Posts tagged memoir
Posts tagged memoir
Prompted by 2DTeleidoscope’s writing challenge.
I was never good at keeping time. “You’re playing too fast,” my piano teacher would tell me as I ran through Bach’s “Minuet in G” for the fourth time, and she would wind up the metronome, set its weight to adagio, and let it go. Tock. Tock. Tock. Tock. If it was slow enough, I could follow the regimented time, my fingers pressing harder on the keys on the downbeat.
But the rhythm in my head and the rhythm of the metronome never stayed in sync for long. It was like my brain was telling my fingers to hurry up and get to the end of the measure, the end of the piece.
Some time in high school, I stopped playing classical music and started playing jazz. Now there was a drummer to keep time, but the thing with jazz is that sometimes you don’t play on the beat: you slip the notes between the snare and the bass drum, fills and chords and riffs dancing atop the rhythm section. It is a delicate and precise syncopated dance, though; even a quarter or eighth note early or late and it sounds as clumsy as a dancer with leaden feet, fumbling and stepping on his partner’s toes.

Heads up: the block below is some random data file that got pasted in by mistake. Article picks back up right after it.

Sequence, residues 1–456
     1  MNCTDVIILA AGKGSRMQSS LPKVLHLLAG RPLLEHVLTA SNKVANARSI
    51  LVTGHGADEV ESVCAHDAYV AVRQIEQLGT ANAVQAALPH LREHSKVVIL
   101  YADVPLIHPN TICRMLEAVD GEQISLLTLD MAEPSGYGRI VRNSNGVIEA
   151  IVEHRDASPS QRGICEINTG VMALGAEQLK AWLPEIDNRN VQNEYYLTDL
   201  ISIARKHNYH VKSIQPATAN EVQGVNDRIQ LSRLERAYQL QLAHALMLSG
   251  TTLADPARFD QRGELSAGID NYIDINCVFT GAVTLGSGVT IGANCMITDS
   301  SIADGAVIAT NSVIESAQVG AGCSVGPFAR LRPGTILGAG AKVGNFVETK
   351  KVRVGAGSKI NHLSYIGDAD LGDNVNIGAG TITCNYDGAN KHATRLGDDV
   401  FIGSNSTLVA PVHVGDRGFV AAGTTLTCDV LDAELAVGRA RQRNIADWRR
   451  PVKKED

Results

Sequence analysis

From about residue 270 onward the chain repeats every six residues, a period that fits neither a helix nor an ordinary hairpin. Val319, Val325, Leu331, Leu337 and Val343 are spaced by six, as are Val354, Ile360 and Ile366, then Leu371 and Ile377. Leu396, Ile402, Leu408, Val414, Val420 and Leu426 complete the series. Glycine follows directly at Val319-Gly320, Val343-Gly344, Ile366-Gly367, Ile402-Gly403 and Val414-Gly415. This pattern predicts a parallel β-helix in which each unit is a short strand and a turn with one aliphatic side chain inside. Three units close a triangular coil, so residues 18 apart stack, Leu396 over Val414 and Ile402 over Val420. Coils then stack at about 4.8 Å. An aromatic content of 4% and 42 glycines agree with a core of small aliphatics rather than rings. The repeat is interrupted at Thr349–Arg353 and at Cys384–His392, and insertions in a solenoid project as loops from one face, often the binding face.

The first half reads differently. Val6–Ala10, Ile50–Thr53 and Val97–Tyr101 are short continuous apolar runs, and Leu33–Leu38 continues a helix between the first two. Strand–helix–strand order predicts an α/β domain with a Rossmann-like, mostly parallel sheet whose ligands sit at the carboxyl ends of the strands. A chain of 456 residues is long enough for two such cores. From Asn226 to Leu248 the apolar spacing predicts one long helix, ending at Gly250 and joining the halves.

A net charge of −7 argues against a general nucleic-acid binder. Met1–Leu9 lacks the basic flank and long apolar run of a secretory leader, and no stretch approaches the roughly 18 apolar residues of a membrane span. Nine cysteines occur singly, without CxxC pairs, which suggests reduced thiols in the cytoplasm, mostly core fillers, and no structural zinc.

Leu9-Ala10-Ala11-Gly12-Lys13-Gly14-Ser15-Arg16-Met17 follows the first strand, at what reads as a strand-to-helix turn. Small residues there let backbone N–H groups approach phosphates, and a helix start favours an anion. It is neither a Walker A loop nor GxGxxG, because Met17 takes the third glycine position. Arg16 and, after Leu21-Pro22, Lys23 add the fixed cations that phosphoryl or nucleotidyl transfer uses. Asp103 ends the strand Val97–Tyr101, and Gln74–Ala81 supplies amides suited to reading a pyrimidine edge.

And so I would sometimes come in too early. “Watch your tempo. Feel it,” my band director said. And I would try. I would get it right about, oh, 75% of the time. I’d practice the entrance over and over, but I’d still slip. And every time I tried to feel it, it would be off.
But when I was alone—either at home when my parents were away, or when church youth group had ended and I sat by myself in the dark with the piano while the rest of the kids played, socialized and did other things that didn’t come naturally to me—I would play what I wanted. They were just chords, cadences, and arpeggios, flowing out of my fingers, the sustain pedal pulling back the dampers and letting the notes echo through the empty room. They were pop melodies, I-IV-V-relative minor languid sappy concoctions that reeked of virginal angst.
Often, I’d close my eyes when I played these musical doodles, and with no metronome, no drummer, no teacher telling me when to start, I’d let myself go. I played as fast and as slowly as I wanted, following the tempo of my own emotions. Years of lessons and practice had taught me where things were on the keyboard; it was up to my mind, heart, and fingers to explore, in silent rhythm, the curse of being out-of-sync with the rest of the world.